April 28, 2017
Why should working girls meditate?
Last year national statistics revealed that women aged 25-54 are more stressed than their male colleagues, with this at the highest for women aged 35-44, when many are juggling family responsibilities, such as caring for children and elderly parents.
Add that to the constant, rushed pace of life we often forget to just take a moment to sit back and gather our thoughts.
We recently had a chat with Emma Mills, writer, meditation teacher and author of Inhale. Exhale. Repeat: A Meditation Handbook for Every Part of Your Day (Rider Books, £9.99) who shared with us her reasons for writing her book and why working girls should consider meditation to de-stress from the busyness of life.
Why do you think daily meditation is important?
Meditation is important because it helps you to connect with yourself. It helps you settle down and feel as though you are living from a nice calm centred place. It really gets you off on the best foot possible. I think doing a little bit of meditation each day can be a really positive thing. This said, It’s quality over quantity with this sort of thing and to make it worth its while it’s good to do your meditation with an attitude of enthusiasm— or if not enthusiasm, at least willingness and curiosity. The risk that comes with thinking that you have to have a daily meditation is that it might just get added to the mornings to do list and we might try to go through the motions of meditation in order to tick it off, or get it out of the way. If you feel keen to do it every day then yes a daily practice is good. For example, you might notice that on those mornings where you meditate, you tend to go on to have a nicer day; that will likely encourage you to do it each day. But maybe not. I don’t encourage people to have a daily practice, I encourage them to have a practice of some description, one that fits them just right, and suits their life, and the unique path they are on, that was part of the inspiration behind creating the book.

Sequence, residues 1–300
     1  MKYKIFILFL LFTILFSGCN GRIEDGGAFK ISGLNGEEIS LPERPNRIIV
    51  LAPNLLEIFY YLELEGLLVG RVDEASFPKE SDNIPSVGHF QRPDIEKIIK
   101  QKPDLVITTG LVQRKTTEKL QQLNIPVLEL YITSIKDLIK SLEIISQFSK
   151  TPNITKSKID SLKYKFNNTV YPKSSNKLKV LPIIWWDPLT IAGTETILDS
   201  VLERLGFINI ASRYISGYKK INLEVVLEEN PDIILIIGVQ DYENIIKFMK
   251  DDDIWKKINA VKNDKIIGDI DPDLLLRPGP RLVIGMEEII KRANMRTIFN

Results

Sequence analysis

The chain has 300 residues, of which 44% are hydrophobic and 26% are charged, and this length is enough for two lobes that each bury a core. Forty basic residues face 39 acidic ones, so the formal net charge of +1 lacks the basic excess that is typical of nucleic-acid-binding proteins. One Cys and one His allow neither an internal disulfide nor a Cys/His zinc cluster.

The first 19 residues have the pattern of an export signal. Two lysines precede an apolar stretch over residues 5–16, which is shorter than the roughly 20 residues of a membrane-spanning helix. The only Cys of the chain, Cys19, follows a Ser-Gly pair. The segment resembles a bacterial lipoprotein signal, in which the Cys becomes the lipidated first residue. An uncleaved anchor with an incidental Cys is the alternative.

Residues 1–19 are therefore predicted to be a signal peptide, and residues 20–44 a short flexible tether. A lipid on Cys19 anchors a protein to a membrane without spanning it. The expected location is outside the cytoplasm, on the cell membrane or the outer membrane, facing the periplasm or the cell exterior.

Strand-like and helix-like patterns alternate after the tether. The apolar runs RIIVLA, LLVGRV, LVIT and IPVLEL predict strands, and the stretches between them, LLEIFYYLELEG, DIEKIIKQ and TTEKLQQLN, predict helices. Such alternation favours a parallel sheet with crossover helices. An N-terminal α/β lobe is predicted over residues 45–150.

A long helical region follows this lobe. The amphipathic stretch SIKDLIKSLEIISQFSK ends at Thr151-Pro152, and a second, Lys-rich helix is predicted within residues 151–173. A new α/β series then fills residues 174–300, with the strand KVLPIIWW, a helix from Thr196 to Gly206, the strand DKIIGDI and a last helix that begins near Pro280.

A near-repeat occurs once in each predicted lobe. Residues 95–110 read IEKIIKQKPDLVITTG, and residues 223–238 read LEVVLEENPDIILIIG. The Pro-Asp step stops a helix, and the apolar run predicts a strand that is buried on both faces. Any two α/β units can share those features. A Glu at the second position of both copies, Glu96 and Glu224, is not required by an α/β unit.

Many of our network are young professional women, who experience burn out with the constant demands and pressure of daily life. What would be your advice for minimising the angst that comes with this?
Try to look after yourself as well as you can. Keep active, eat well, meditate and go to yoga. Make a wellbeing tool-kit, things you know of that make you feel good keep you well and feeling your best. We will each have our own unique wellbeing kit, reflecting our unique needs and preferences.
In the book there is a section about creating an inspired workspace and we share about aromatherapy, flowers, plants, teas, music and poetry, and how we can bring these influences into our workspace. It’s good to remember that if you burn out you wont be able to do anything really so looking after yourself can makes your creative and professional work more sustainable.
Tell us about your most favourite or effective meditation exercise for the morning?
I like to lay in my bed as soon as I wake up and listen to things, listen to life. Sometimes I can hear birds, other times traffic or kitchen noises. I listen to the sound of my breathing, the sound of my heart beat. Sometimes I trace the noises back to their origin and location. Sometimes I can’t hear much at all. I like to lay quietly and just be with this first scene of the day, as it’s unfolding. This is a lovely early morning meditation you can do in bed, it’s described in more detail in the first section of the book too.